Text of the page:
Signature Gin Cocktails You Must Try & Their Origins
There’s no doubt that gin is here to stay. It’s lived through the Jazz Age, Prohibition, and even defied Lockdown bans, making it the drink of champions. We take a look at the origins of some gin-based cocktails that go beyond gin and tonic. From Negronis to French 75s, these classic gin cocktails have stood the test of time and are all a must-try.
Can’t decide whether you want a gin or champagne? Have a French 75. This effervescent, champagne-filled and gin-based cocktail was named after its potency, which was believed to be as intense as the shell-shocking French 75mm field gun.
Created by World War I veteran-turned-bartender, Harry MacElhone, the French 75 would become a favourite to many and feature in classic films like Casablanca.
The cocktail recipe is pretty similar to a Tom Collins, with the difference being that a French 75 is made with Champagne. It can be served out of a Champagne flute or coupe if you want a fancier appeal; it’s also common to serve a French 75 out of a highball glass. This gin-based cocktail also has a brandy variation, better known as a French 125.
Add a dash of pink to your drink and make this Pink French 75.
You may or may not know this drink from the popular Netflix show, Queen’s Gambit. In the series, the main character, Beth, asks her adoptive mother whether she’s drinking a martini, to which her mother responds “A Gibson, I find the onion more refined than the olive”. This classic cocktail has one very distinguishable ingredient – apart form the inclusion of gin and vermouth, it contains er, pickled onion. Interestingly, most pre-Prohibition drinks omit olives and the fancy schmancy garnishes we use today.
The origins of the Gibson cocktail are widely rumoured; it’s believed that the drink was invented in the 20th century. A fellow by the name of Charles Dana Gibson, once asked a bartender to fix him a drink better than a Martini and to swap out the olive for an onion pickle.
Another story and probably one of our favourites, involves an investment banker by the name of ‘Gibson’, who frequently treated his clients to those famous ‘three-martinis business lunches’. He would ask the bartender to pour water in a martini glass and replace the olive with pickled onion, so he could tell his drink apart from the crowd, but also so that he wouldn’t get pie-eyed while trying to close business deals.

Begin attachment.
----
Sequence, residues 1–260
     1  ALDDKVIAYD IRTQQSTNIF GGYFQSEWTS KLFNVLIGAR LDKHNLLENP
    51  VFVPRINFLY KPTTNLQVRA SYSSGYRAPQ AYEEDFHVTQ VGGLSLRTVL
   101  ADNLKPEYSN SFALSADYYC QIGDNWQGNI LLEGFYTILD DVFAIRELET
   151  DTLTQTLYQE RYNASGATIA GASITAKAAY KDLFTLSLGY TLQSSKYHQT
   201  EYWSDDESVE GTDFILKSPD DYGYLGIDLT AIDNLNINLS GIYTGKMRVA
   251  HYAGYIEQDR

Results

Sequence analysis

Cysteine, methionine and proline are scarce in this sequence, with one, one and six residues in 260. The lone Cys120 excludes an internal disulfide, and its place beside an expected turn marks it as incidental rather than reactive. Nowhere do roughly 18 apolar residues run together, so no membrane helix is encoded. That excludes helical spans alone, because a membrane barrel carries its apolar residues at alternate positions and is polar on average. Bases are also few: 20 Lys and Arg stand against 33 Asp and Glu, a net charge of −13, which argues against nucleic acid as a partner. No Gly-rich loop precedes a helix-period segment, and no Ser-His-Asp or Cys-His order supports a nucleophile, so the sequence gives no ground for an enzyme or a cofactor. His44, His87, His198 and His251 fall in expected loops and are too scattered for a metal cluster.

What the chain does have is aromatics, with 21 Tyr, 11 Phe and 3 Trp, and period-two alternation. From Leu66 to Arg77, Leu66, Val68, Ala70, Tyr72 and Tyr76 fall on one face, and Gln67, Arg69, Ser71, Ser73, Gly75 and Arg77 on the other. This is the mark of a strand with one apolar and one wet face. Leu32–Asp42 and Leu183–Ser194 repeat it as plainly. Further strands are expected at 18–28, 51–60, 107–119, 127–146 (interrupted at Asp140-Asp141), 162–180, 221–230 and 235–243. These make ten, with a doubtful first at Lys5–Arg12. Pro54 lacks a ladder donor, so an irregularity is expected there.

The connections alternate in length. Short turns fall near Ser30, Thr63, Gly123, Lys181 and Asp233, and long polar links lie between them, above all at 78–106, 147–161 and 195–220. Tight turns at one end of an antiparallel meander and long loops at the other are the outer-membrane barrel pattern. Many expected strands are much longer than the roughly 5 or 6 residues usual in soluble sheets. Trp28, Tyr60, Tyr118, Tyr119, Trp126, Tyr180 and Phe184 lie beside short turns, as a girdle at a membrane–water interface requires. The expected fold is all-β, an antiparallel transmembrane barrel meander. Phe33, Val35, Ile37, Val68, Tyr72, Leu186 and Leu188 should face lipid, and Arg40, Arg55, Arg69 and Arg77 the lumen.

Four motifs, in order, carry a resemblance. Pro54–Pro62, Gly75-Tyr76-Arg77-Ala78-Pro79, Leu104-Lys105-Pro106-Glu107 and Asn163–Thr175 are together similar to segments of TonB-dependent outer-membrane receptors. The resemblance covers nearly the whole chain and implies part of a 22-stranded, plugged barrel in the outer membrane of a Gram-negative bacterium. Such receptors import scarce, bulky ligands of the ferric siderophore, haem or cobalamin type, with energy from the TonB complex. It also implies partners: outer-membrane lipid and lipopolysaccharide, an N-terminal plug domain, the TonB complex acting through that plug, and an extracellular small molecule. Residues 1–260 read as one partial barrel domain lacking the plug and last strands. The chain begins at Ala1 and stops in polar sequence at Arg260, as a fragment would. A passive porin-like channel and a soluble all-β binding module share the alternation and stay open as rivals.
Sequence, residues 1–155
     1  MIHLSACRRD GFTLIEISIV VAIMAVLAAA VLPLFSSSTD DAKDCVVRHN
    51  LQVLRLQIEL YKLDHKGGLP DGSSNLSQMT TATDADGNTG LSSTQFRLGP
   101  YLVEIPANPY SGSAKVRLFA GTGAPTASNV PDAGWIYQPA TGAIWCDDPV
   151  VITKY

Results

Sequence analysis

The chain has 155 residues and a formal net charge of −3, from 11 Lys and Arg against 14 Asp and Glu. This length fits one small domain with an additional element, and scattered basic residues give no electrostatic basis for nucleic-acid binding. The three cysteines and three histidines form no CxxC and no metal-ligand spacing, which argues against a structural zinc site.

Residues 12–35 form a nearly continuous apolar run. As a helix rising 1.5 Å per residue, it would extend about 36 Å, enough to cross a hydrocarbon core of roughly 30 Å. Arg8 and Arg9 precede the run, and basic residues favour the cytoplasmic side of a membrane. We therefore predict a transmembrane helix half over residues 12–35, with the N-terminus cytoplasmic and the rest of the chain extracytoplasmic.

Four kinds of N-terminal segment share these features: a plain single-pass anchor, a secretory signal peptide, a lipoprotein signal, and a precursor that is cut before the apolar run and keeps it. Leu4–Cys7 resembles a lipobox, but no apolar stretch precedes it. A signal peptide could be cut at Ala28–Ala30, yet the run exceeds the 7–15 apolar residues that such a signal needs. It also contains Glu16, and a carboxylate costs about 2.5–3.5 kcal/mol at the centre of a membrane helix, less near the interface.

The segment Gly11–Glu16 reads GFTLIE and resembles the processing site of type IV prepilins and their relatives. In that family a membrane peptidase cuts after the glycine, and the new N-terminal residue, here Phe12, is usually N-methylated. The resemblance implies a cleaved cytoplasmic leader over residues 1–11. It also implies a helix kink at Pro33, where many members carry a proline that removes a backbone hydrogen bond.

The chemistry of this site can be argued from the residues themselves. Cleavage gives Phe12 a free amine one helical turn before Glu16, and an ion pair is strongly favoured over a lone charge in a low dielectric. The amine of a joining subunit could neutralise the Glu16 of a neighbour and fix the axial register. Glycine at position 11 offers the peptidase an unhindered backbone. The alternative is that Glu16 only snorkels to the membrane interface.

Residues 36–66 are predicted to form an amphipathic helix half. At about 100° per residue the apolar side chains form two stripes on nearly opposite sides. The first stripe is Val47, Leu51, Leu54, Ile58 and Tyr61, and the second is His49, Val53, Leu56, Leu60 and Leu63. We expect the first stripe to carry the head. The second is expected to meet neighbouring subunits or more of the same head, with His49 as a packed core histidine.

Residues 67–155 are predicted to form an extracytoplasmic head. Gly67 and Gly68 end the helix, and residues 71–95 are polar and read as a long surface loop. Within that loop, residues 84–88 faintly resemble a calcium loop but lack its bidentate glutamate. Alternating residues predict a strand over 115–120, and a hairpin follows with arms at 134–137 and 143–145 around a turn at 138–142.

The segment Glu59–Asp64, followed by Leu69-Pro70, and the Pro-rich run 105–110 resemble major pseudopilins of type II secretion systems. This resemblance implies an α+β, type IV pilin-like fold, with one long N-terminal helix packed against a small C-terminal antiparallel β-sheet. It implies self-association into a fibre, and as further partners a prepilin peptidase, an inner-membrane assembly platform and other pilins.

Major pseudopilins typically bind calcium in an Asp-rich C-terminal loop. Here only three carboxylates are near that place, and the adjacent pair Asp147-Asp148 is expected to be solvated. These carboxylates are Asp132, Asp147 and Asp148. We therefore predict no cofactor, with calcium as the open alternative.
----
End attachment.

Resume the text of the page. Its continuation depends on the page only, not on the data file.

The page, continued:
Try these inspired Gibson Cocktail Oysters with Lime.
Gimlets have a distinct limey taste, given by the addition of Rose’s Lime Cordial. In fact, that limey taste is what earned similar citrus mixed cocktails the name ‘Limeys’.
The Gimlet’s origins date back to the 19th century, when Rear Admiral, Sir Thomas Desmond Gimlette, served sailors gin chased with lime juice. This apparently masked the bitter taste of lime juice, which was served as a treatment for scurvy – shoutout to vitamin C.
Due to the lack of fresh food supplies, sailors often didn’t have access to fresh limes nor lemons. An 1867 law was instated where Rose’s Lime Cordial had to be stocked on ships and a daily serving administered to sailors as anti-scurvy medication. If we look at the history of gin itself, mixers used to make gin cocktails were thought to have medicinal properties, like the quinine in tonic water believed to treat malaria. Nothing cures like a G&T or Limey!